President Clinton nominated him in 1993 for U.S. attorney for the District of Columbia, a position he held for four years. He was appointed Clinton’s deputy attorney general in 1997.
In the 11th hour of Clinton’s term, Holder was asked whether the president should pardon Rich, a wealthy commodities dealer who had spent years running from tax charges. Holder said he was “neutral, leaning towards favorable” on the pardon. Clinton later said he relied on Holder’s advice when he decided to issue the pardon.
Considering the nature and length of Holder’s experience, Specter complained that the minority did not have enough time to investigate Holder’s background both in the public and private sectors. Holder is presently a partner in the elite Washington firm of Covington and Burling.
Specter further lamented that panel Democrats failed to back his request to issue subpoenas to witnesses who could testify about Holder’s role in Clinton clemency decisions. Included in this witness list was former Justice Department pardon attorney Roger Adams.
Holder testified that he recognized that the attorney general position requires some distance from the president. In response to a question on the issue from Sen. Herb Kohl, D-Wis., Holder said he would be ready to resign if President-elect Obama refused to follow his advice on critical legal issues of constitutional dimension.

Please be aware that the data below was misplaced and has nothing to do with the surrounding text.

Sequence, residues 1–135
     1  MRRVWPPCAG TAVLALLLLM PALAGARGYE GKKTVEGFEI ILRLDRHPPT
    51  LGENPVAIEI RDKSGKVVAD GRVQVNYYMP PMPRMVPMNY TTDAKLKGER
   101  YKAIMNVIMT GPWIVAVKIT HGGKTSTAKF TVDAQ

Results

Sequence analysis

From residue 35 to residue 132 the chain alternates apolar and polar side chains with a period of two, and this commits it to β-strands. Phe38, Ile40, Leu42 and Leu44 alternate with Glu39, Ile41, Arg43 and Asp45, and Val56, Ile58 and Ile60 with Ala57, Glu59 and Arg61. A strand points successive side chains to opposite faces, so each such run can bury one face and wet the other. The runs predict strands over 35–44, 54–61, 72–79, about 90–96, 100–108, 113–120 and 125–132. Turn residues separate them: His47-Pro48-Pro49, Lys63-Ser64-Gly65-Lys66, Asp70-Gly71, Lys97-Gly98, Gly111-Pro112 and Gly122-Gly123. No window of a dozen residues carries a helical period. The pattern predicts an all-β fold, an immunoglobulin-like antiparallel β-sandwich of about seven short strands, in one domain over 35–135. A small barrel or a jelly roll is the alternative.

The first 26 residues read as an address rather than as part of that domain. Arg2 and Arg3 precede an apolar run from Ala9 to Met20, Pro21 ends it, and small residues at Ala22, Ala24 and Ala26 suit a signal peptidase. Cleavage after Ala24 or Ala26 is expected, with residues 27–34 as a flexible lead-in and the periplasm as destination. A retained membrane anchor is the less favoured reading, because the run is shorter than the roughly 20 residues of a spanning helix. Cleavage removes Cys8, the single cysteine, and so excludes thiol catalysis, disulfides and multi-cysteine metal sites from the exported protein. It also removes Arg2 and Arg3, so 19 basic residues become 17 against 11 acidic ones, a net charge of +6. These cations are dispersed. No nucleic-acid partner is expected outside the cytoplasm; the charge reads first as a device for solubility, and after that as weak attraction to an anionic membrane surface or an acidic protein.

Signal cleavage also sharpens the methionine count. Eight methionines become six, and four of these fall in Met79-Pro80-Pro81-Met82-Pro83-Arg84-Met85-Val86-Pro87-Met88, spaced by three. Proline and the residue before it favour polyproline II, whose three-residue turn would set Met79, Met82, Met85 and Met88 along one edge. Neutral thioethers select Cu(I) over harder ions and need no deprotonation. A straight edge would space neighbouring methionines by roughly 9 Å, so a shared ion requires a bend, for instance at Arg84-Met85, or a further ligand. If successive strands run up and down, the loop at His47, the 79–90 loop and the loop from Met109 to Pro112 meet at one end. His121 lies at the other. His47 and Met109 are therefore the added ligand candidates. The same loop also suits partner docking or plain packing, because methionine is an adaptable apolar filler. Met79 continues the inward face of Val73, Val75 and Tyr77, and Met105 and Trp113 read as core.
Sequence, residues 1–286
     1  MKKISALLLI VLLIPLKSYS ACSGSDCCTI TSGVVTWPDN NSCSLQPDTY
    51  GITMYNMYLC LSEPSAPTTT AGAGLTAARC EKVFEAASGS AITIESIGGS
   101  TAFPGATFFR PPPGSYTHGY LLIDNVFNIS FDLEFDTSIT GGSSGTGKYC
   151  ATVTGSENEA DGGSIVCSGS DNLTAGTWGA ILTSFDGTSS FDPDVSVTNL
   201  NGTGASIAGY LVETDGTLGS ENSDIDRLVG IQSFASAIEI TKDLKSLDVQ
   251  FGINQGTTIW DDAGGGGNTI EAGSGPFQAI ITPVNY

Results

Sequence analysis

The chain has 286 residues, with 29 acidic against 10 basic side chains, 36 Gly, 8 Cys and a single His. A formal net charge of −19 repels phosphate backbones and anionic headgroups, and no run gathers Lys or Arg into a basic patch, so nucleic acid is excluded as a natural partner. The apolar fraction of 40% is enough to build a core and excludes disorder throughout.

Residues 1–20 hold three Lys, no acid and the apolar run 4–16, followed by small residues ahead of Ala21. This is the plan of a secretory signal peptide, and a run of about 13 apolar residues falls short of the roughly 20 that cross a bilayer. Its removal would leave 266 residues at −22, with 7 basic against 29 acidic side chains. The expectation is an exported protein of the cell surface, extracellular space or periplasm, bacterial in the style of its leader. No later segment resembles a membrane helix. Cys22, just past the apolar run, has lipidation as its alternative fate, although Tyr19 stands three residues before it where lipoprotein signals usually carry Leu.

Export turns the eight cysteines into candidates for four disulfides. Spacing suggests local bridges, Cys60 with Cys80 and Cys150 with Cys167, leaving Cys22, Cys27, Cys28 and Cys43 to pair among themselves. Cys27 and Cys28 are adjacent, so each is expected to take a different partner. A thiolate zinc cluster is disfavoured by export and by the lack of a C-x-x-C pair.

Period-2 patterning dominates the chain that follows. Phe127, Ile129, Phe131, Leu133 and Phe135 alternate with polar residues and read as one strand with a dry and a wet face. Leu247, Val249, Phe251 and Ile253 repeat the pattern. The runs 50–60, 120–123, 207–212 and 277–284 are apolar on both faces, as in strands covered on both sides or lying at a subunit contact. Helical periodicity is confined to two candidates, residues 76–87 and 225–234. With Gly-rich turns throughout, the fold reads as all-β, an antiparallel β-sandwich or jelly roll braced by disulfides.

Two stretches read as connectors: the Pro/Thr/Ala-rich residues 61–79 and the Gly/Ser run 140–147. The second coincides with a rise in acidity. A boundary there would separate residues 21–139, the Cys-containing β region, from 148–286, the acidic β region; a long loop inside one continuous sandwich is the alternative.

In his opening statement, Holder promised to devote more resources to prosecuting financial fraud and civil rights violations. He told the panel, however, that national security would be his prime priority.
“I will use every available tactic to defeat our adversaries and I will do so within the letter and the spirit of the Constitution,” Holder said.
As the session ran into the lunch hour at noon, Holder promised that he would examine and correct whatever role politics played in hiring decision at Justice in the Bush era, according to a running report by the Washington Post.
On that same issue, Holder said he would make a point of reviewing the reasons why the U.S. attorney’s office in D.C. declined last week to bring a criminal false statements case against Bradley Schlozman, who allegedly misled Congress about the basis for his hiring decisions at the department’s civil rights division.
As to the always nettlesome issue of the U.S. detainee camps at Guantanamo Bay, Cuba, Holder said the new administration is reviewing legal standards for the detainees, offering no details. “I think we want to leave our options open,” he testified.
Holder did suggest, however, that he would be amenable to considering legislative proposals that would preempt independent contractors from doing detainee interrogations on behalf of the military or the intelligence sector.
Holder also testified that it was unlikely that the new administration would ticker with the 2008 law that gives immunity from lawsuits to telecommunications companies that cooperated with U.S. government efforts to engage in warrantless surveillance of U.S. citizens.